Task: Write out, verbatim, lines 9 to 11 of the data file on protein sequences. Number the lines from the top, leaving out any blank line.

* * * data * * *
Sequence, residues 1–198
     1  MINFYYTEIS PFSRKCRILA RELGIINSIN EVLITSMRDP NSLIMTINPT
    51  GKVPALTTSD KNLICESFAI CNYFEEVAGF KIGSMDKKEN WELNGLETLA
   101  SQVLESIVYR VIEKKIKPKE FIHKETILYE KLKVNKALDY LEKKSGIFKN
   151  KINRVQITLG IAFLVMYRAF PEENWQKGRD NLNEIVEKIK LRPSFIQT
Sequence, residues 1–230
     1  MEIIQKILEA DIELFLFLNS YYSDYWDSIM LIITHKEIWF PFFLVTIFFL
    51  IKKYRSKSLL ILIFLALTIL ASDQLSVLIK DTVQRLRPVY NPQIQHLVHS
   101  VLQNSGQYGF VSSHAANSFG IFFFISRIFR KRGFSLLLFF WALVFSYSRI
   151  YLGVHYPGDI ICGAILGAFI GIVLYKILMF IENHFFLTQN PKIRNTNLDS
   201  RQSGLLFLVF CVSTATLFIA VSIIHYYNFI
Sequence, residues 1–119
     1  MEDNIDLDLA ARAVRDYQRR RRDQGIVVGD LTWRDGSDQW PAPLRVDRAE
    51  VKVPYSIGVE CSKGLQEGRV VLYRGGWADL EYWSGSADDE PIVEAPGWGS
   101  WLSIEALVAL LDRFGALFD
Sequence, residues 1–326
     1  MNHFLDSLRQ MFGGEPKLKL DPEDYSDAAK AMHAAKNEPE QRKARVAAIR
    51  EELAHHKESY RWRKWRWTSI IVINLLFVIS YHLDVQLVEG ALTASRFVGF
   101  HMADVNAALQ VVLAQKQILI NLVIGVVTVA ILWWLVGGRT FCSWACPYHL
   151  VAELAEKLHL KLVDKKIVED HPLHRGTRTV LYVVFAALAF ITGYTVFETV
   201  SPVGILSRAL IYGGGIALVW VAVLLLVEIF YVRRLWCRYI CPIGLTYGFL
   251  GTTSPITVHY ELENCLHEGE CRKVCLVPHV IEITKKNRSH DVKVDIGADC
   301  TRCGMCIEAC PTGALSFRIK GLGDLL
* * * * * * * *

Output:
   101  VLQNSGQYGF VSSHAANSFG IFFFISRIFR KRGFSLLLFF WALVFSYSRI
   151  YLGVHYPGDI ICGAILGAFI GIVLYKILMF IENHFFLTQN PKIRNTNLDS
   201  RQSGLLFLVF CVSTATLFIA VSIIHYYNFI